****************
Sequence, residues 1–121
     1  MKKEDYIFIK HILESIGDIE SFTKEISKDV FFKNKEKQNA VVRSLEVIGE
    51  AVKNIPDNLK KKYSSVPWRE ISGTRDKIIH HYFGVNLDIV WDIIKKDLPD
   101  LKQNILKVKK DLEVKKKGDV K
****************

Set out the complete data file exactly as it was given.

Sequence, residues 1–121
     1  MKKEDYIFIK HILESIGDIE SFTKEISKDV FFKNKEKQNA VVRSLEVIGE
    51  AVKNIPDNLK KKYSSVPWRE ISGTRDKIIH HYFGVNLDIV WDIIKKDLPD
   101  LKQNILKVKK DLEVKKKGDV K